We are going to see things change in the whole dynamic of raising money in developments and real estate. I want us to be at the forefront of that. We are going to see many things throughout the whole country in this.
AJ: There is such optimism there, Craig. I think these are really exciting times with looking at it and the way technology is opening up new opportunities in different ways to invest in these large deals for every-day investors. Really exciting stuff and I’m glad you guys are making opportunities like that available to investors.
CC: I appreciate it. It’s great. It’s exciting, and it’s big goals for us. At the end of the day, when I’m staring out the window in my office in San Diego, and someone approaches us and says, “Hey, Craig, we want to redevelop the waterfront area, but the numbers don’t make sense with the banks to get it done. Do you guys want to crowdfund that?” We throw it on our platform and people participate to improve actually the city here.
Those are some of the things we are going to see evolve with time. Where people are more going into these projects just not for monetary reasons but to improve areas. Just think about that, and how we can change just the infrastructure of our country with that. It is just at the beginning stages right now.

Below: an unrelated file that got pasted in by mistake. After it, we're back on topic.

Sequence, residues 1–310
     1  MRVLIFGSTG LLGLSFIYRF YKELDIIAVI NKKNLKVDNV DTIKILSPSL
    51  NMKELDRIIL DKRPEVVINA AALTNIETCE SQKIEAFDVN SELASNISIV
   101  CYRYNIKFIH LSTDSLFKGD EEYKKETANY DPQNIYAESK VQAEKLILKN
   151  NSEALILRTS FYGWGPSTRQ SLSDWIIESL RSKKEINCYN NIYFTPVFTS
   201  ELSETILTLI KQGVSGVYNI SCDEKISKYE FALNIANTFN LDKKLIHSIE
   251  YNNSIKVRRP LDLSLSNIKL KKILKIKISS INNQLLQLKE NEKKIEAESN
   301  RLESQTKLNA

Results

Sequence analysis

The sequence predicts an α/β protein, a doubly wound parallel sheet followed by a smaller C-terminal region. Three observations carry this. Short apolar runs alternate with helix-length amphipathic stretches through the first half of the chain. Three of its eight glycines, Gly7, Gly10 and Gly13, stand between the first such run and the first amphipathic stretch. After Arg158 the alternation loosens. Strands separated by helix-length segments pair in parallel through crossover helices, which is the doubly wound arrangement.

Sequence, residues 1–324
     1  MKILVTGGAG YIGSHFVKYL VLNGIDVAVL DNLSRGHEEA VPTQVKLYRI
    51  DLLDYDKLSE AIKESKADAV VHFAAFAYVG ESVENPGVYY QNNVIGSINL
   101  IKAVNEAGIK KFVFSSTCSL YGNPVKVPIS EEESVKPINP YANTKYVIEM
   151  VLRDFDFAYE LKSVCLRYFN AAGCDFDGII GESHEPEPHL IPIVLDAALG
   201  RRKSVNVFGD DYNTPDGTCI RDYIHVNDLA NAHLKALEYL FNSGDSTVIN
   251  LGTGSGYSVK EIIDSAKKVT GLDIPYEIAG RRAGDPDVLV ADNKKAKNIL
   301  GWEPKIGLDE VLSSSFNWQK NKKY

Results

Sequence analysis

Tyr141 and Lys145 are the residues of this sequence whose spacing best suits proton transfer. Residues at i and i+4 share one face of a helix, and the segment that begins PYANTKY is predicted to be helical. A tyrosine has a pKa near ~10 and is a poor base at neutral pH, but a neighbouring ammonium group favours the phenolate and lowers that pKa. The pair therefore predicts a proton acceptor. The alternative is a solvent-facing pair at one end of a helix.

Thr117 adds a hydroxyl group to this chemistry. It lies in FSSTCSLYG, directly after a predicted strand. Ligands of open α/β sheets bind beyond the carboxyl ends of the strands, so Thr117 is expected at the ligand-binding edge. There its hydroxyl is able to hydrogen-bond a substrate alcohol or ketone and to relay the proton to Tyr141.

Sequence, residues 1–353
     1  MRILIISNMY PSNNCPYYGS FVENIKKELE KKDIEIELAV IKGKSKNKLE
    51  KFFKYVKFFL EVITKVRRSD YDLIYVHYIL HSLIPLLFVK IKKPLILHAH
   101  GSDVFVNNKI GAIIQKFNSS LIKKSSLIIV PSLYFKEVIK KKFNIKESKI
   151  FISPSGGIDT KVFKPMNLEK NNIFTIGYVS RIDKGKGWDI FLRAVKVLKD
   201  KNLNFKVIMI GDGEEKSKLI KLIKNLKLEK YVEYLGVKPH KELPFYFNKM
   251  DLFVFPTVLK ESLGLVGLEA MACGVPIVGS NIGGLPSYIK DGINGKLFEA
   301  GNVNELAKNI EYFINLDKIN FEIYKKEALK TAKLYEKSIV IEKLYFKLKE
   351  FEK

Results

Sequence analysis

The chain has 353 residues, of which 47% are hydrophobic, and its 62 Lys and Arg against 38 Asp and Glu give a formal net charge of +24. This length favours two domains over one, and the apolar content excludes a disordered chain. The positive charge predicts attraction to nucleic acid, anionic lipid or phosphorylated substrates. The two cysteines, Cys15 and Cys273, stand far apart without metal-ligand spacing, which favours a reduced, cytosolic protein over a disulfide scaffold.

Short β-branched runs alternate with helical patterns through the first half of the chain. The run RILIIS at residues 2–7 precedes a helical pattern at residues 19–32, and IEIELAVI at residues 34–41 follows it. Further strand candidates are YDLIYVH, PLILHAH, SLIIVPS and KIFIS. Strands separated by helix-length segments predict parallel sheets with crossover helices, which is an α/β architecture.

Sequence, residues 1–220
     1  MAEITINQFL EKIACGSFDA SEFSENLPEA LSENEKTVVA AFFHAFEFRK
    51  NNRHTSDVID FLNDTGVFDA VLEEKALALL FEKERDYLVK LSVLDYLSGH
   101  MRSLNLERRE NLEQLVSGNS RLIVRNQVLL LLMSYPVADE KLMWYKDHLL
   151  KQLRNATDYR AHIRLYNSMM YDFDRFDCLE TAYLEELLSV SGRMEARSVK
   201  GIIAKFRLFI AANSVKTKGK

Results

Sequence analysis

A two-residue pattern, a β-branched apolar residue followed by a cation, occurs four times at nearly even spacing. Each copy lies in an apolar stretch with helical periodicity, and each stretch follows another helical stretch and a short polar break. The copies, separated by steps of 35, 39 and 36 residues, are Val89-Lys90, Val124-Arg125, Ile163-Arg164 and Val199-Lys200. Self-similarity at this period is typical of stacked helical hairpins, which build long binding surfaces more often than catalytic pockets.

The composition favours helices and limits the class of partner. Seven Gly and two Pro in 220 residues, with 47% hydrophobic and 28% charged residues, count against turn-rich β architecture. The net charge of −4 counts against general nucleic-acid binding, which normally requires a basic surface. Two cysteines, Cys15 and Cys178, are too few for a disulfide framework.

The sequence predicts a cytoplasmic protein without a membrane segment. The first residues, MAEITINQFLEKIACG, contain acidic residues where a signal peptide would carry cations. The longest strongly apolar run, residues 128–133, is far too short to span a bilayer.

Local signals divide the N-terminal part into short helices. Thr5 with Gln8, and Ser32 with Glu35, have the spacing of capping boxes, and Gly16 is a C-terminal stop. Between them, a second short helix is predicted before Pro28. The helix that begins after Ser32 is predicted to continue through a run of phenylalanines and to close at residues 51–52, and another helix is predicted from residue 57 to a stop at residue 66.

AJ: Yes, definitely. It’s really exciting and I’m looking forward to seeing how that changes the landscape of investing going forward. Craig, as we are wrapping up here, we got a lightning round. It’s a series of 5 questions we would like to fire in action for you to answer from the hip. How does that sound?
CC: Sure, go ahead.
AJ: All right. Craig, what was your biggest hurdle getting started in real estate and how did you overcome it?
CC: I don’t know if I really had any hurdles with it in light of everything. You know, your first time, you are in voraciously raising capital, it’s the same as everybody else’s. It’s all your experience in doing it. The first time doing it and getting someone to believe in you. That comes down to your character and what you have done in your past. Whatever you are doing in the past, what you are doing currently and what you want to get involved with it. You need to do it well because people are not going to go with you, having a good work ethic and then go back to you.
AJ: Okay, awesome. Craig, do you have a personal habit that contributes to your success?
CC: I am always forward thinking. I am always solution based. I never go into a situation with a, “oh, I have an issue here.” I go in with a, “here are 3 ways to solve that”.
AJ: Yes, okay, good. Craig, do you have an online resource you find valuable?